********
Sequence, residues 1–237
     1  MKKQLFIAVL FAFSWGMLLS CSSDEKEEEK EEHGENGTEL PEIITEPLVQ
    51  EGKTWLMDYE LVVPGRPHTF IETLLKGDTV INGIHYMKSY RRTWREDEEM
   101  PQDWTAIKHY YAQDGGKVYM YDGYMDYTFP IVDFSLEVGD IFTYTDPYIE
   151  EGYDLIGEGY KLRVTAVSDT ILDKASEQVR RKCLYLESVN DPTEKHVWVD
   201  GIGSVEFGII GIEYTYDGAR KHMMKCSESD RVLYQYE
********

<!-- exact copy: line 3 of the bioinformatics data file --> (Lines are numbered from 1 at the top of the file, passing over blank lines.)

    51  EGKTWLMDYE LVVPGRPHTF IETLLKGDTV INGIHYMKSY RRTWREDEEM